NATIONAL HARBOR, Maryland ― The Navy and Marine Corps may soon require that official photos be submitted for promotion boards, after photo removal led to decreased diversity, senior leaders for both services said Tuesday.

In July 2020 then Secretary of Defense Mark Esper required all services within the Department of Defense to remove the photograph requirement in an effort to eliminate unconscious bias from the promotion board process.

Navy Vice Adm. John Nowell Jr., the chief of Naval personnel, said that comparing data over the past five years of one-star boards the Navy saw a decrease in diversity promotions when the photograph requirement was removed.

“I think we should consider reinstating photos in selection boards, we got the data,” Nowell said during a panel on inclusion and diversity as a force multiplier at the 2021 Sea-Air-Space conference in National Harbor, Maryland.

“It’s a meritocracy, we’re only going to pick the best of the best, but we’re very clear with our language ...that we want them to consider diversity across all areas. Right?” Nowell said. “And therefore ... I think having a clear picture on this just makes it easier. So actually our data show that it would support adding photos back in.”

Marine Brig. Gen. A.T. Williamson, director of Marine Corps manpower plans and policy division, echoed Nowell’s comments, noting that removing photos may have disadvantaged the board’s ability to promote diversity in the top ranks.

The Corps eliminated required photographs from the promotion process in September 2020 and in June extended that policy to most tattoo photos, which the Corps has required since 2015.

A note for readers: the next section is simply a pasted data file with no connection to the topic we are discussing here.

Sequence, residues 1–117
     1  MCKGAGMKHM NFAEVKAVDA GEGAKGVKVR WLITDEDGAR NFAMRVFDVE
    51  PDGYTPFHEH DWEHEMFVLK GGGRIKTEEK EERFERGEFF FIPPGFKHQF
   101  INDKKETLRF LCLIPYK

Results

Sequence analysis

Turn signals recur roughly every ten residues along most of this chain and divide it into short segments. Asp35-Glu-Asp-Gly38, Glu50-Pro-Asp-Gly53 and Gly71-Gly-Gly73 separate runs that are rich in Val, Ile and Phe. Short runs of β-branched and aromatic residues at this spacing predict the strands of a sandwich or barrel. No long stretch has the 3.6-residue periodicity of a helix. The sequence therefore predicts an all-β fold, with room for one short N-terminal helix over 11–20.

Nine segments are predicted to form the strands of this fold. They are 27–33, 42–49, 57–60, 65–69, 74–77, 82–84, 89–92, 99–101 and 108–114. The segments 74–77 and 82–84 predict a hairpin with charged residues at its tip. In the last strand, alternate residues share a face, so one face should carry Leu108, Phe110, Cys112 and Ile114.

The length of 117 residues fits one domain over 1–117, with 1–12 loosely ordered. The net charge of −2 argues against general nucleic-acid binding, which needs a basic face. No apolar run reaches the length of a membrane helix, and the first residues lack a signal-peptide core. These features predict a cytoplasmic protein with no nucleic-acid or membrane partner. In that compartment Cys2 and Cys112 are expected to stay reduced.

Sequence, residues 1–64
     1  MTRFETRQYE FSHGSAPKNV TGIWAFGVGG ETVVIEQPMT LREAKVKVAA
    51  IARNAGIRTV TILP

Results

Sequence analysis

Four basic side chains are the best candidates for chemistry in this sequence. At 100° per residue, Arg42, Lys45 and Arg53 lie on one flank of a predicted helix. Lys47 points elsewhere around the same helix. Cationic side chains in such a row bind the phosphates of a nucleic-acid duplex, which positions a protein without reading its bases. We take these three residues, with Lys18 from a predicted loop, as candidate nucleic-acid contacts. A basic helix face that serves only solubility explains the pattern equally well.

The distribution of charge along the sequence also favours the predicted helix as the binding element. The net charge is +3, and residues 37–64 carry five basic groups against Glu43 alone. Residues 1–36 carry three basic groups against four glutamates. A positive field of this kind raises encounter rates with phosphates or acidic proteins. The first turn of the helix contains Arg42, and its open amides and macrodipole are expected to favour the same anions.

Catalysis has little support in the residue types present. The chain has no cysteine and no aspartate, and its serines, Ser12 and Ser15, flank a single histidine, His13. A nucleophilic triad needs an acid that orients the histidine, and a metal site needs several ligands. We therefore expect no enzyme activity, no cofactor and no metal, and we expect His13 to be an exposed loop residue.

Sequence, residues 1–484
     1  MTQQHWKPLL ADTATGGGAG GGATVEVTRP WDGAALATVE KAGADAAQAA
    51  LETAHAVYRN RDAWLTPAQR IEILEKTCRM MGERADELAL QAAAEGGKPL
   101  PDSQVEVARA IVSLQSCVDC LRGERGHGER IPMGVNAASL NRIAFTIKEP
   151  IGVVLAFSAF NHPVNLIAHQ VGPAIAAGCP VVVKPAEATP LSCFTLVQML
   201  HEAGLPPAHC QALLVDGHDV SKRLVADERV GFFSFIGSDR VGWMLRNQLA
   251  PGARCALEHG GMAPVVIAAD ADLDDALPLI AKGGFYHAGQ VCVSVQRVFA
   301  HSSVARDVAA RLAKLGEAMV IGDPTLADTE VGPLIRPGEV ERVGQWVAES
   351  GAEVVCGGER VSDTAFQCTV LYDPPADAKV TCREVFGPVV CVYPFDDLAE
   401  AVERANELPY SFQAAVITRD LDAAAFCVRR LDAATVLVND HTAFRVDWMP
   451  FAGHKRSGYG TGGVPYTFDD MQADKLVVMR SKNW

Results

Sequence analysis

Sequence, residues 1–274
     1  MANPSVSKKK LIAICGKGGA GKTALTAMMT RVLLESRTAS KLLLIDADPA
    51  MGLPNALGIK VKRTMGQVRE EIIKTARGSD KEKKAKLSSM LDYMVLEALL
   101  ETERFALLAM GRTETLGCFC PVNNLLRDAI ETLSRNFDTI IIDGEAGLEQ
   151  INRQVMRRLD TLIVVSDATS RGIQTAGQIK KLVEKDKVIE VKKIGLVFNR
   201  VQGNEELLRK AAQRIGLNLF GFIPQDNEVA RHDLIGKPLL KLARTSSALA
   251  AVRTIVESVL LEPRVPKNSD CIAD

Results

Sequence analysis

Williamson said the Corps is continuing to collect data from the most recent board season, but early indicators show that eliminating the photograph requirement has decreased diversity in the promotion system.

Both leaders said increased diversity was critical to mission readiness and the ability to get the job done.

“The American people need to know their military service reflects those they support and defend,” Williamson said, referring to what he called the “ethical imperative” to simply do the right thing in terms of diversity.

He added that the “operational imperative” may be the most important reason to create a diverse force, pointing out how complex the current and future battlefield will be.

“It’s challenging, it is full of problem sets that one group, that one team are not going to be able to solve alone. We need to be able to open up the diversity of thought, of experience of background to try and attract people who are going to help us solve those very complex problems.

Changing the photo policy based on evidence may be one way the Corps follows through on policies that make a difference rather than simply taking action, Williamson said.

The Marine Corps is currently conducting a survey to see if there is bias in the promotion process and if so where it is.

“If we find out that there is disparities within the way we do business within the service we need to be intellectually curious enough to ask why and figure out why and then figure out what we need to do to,” fix it, Williamson said.

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